RMgmDB - Rodent Malaria genetically modified Parasites


Malaria parasiteP. berghei
TaggedGene model (rodent): PBANKA_1334800; Gene model (P.falciparum): PF3D7_1471600; Gene product: conserved protein, unknown function
Name tag: GFP
Phenotype Asexual bloodstage; Fertilization and ookinete; Sporozoite;
Last modified: 12 March 2021, 11:41
Successful modificationThe parasite was generated by the genetic modification
The mutant contains the following genetic modification(s) Gene tagging
Reference (PubMed-PMID number) Reference 1 (PMID number) : 33705380
MR4 number
Parent parasite used to introduce the genetic modification
Rodent Malaria ParasiteP. berghei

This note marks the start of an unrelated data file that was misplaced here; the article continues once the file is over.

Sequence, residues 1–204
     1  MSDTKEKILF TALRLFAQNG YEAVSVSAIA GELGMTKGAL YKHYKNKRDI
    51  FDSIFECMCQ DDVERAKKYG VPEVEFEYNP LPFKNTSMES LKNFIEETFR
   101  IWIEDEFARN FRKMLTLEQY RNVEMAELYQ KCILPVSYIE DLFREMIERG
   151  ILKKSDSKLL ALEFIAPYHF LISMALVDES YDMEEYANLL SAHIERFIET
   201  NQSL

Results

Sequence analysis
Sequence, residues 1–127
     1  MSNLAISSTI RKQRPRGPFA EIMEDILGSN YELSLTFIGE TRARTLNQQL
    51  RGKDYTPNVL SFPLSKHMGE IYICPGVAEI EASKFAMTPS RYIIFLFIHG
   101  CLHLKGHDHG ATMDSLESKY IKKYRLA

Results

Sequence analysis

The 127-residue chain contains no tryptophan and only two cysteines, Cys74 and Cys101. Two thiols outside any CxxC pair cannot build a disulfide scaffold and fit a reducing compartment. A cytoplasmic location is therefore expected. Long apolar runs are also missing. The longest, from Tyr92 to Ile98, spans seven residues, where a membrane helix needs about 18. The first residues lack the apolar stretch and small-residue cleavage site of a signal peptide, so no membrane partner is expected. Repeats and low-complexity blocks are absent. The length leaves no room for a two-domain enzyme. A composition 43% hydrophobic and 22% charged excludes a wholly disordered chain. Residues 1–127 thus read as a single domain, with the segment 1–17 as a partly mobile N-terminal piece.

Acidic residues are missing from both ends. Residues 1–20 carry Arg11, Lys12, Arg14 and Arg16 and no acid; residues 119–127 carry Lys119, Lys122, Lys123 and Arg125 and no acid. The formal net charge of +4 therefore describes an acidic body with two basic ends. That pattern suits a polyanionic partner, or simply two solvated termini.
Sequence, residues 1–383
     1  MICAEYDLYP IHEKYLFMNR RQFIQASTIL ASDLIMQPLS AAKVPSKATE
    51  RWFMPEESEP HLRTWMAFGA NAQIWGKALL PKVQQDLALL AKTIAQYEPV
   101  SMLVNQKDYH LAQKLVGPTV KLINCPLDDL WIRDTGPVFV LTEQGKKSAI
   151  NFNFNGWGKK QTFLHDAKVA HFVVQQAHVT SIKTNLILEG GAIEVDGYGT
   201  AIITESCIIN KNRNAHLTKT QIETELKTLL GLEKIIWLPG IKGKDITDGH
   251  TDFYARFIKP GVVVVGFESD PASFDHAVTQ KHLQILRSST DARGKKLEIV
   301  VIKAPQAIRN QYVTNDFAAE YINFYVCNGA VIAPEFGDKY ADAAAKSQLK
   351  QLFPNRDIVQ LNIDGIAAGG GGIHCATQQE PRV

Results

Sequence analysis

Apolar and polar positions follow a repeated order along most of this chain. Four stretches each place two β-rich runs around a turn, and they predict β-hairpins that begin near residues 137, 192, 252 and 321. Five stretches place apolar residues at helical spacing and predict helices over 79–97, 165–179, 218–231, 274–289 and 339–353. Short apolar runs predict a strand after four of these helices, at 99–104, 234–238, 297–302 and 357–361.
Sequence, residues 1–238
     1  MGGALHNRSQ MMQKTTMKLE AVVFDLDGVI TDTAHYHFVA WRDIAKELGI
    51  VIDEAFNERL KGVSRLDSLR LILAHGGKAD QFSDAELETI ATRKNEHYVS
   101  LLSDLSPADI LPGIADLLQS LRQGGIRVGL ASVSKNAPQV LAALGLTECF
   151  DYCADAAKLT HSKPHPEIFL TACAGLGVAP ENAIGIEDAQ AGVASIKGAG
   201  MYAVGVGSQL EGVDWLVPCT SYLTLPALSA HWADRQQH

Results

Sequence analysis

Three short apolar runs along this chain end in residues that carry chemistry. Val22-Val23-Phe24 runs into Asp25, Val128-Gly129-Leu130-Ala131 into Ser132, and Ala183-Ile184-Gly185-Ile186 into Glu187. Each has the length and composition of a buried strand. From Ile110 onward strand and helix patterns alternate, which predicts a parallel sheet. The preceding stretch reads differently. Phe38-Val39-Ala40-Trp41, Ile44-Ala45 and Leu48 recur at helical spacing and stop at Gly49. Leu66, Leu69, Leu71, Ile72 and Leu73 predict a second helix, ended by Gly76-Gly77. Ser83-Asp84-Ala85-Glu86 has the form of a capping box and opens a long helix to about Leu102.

Parent strain/lineP. berghei ANKA
Name parent line/clone Not applicable
Other information parent line
The mutant parasite was generated by
Name PI/ResearcherKoreny, L, Tewari R, Waller RF
Name Group/DepartmentDepartment of Biochemistry
Name InstituteUniversity of Cambridge
Name of the mutant parasite
RMgm numberRMgm-4955
Principal namePBANKA_1334800-GFP
Alternative name
Standardized name
Is the mutant parasite cloned after genetic modificationNo
Asexual blood stageThe tagged protein not detected in merozoites (see below)
Gametocyte/GameteNot tested
Fertilization and ookineteLocation of the tagged protein at the apical end of ookinetes (see below)
OocystNot tested
SporozoiteLocation of the tagged protein at the apical end of sporozoites (see below)
Liver stageNot tested
Additional remarks phenotype

The mutant expresses a C-terminal GFP-tagged version of PBANKA_1334800

Published in: bioRxiv preprint doi: https://doi.org/10.1101/2020.06.26.174284; this version posted December 7, 2020.

Protein (function)